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Why Those with the “Right Stuff” Are Often the Wrong People

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We suspect that the mistakes happen when firms choose managers at any level – from CEO to business unit head to project manager – based on what we call “right stuff” thinking…

Many search committees and hiring executives classify candidates by right-stuff attributes.  The often look for an uninterrupted string of past successes to predict that more successes are in store.  The theory in use is that if you find someone with a track record and with the right-stuff attributes, then he or she can successfully manage s new business venture..

Managers who have successfully worked their way up the ladder of a stable business unit… are likely to have acquired the skills that were necessary to succeed in that context.

When a slow-growing firm’s leaders decide they need to launch a new growth business to restore their company to vitality, who should they tap to head the venture?  A talented manager from the core business who has demonstrated a record of success?  An outsider who has started and grown a successful company?  The school-of-experience view suggests that both these managers might be risky hires.

The internal candidate would have learned how to meet budgeted numbers, negotiate major supply contracts, and improve operational efficiency and quality, but might not have [any experience ] on starting a new business in his or her prior career assignments.  An outside entrepreneur might have learned a lot about building new fast-moving organizations, but would have little experience competing for resources, and bucking inappropriate processes within a stable, efficiency oriented operating culture.

In order to be confident that managers have developed the skills required to succeed at a new assignment, one should examine the sorts of problems they have wrestled with in the past.

It is not as important that managers have succeeded with the problem as it is for them to have wrestled with it and developed the skills and intuition for how to meet the challenge successfully next time around.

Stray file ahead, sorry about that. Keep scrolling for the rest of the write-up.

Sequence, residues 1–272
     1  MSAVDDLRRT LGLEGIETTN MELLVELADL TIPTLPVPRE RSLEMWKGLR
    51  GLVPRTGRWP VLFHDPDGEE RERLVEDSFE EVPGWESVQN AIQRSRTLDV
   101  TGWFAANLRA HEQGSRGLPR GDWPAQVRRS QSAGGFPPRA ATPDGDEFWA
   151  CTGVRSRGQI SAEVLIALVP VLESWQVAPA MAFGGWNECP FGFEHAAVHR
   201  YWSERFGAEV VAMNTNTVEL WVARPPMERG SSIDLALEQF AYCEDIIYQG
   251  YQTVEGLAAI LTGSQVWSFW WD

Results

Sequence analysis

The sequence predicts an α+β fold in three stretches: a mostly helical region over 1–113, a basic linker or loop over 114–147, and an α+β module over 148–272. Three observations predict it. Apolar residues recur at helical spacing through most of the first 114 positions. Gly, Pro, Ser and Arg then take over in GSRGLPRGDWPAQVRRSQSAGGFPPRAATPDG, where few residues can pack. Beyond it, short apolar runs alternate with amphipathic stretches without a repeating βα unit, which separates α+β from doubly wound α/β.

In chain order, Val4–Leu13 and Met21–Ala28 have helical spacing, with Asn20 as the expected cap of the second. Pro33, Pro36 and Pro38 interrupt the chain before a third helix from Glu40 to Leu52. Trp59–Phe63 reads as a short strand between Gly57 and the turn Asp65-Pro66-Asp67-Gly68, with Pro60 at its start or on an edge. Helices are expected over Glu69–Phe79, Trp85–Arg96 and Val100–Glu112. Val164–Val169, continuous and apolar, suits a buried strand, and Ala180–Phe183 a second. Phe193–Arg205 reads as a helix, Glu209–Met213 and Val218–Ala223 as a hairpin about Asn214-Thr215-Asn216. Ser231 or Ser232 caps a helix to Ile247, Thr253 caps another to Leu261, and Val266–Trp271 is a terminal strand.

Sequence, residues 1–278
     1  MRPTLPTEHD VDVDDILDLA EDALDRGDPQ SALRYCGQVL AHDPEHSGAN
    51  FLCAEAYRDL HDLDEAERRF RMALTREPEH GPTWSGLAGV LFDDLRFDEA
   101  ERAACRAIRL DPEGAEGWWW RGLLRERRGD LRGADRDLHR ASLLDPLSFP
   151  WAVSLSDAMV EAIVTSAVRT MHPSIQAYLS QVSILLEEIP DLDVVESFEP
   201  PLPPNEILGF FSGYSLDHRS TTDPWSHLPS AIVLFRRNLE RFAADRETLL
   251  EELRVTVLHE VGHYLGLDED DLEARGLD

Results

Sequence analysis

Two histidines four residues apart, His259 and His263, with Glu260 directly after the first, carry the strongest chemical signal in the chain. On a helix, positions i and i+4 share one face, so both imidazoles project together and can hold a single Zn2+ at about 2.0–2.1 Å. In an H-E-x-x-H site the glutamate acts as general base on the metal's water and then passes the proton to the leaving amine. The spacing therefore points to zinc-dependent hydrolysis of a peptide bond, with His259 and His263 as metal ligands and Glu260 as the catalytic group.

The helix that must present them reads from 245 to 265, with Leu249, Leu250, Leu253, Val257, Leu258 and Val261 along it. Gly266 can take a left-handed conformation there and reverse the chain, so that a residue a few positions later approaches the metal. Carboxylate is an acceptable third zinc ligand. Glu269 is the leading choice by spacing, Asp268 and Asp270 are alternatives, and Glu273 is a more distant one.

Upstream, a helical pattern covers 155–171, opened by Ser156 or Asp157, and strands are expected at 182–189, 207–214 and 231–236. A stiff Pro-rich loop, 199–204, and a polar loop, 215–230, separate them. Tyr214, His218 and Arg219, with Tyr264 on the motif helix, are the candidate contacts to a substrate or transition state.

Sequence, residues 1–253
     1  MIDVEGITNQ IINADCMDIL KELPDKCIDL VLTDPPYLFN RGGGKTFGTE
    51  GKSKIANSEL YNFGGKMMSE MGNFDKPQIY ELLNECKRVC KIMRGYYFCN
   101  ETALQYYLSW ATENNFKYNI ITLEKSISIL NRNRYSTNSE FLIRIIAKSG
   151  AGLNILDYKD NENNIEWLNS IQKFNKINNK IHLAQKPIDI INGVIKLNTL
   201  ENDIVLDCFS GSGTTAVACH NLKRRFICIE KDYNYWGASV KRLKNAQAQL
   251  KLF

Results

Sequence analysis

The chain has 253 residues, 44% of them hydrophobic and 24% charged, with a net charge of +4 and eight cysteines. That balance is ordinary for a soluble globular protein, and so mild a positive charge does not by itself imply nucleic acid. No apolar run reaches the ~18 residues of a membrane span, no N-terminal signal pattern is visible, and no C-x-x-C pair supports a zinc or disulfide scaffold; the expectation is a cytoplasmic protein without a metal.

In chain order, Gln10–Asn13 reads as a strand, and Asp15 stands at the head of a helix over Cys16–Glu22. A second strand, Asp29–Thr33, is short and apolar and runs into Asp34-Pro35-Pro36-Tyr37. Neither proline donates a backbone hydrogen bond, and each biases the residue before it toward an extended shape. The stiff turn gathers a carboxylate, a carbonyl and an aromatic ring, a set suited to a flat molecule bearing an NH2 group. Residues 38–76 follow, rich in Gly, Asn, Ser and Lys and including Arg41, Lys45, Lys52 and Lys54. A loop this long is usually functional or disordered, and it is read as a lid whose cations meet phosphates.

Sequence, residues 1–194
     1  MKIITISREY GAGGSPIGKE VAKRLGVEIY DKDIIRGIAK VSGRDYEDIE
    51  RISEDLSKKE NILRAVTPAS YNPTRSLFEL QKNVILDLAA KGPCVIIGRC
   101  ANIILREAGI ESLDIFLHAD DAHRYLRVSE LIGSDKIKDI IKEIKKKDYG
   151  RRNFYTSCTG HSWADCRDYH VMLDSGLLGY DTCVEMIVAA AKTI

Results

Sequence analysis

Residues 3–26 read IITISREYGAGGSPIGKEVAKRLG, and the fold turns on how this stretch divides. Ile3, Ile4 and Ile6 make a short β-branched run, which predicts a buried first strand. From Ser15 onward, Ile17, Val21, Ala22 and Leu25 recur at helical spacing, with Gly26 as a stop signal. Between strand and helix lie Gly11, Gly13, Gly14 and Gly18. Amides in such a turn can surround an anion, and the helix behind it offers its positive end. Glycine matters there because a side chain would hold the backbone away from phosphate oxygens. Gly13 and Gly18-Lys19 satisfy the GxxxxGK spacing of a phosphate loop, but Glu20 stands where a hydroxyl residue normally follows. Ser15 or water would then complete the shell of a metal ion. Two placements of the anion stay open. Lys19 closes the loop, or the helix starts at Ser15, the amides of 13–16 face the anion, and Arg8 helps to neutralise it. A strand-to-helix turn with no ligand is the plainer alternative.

Failure and bouncing back from failure can be critical courses in the school of experience.  As long as they are willing and able to learn, doing things wrong and recovering from mistakes can give managers an instinct for better navigating through the minefield the next time around.

The above is a common sentiment based on examining the tenure of CEO’s.  Many CEO’s don’t have a “Second Act”.  A CEO brought in to turnaround a company sometimes does not have the skills to run the company after the turnaround.  A CEO that can run a company in predictable economic  times may not have the skills to deal with hyper-competition and an economic downturn – so s/he’s out.  Ever wonder why CEO tenures are so short?  External environments may just change faster than a CEO can adapt and individual CEO’s simply don’t have an infinite portfolio of skills to match the rates of external change.

Read more –  The Innovator’s Solution: Creating and Sustaining Successful Growth

Read about Ed Zander and the Motorola Turnaround – http://www.chicagobusiness.com/cgi-bin/news.pl?id=21251

And Zanders exit and severance package – https://frrl.files.wordpress.com/2009/02/zander_severancepay.pdf

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Written by frrl

April 8, 2010 at 4:51 pm

Posted in Uncategorized

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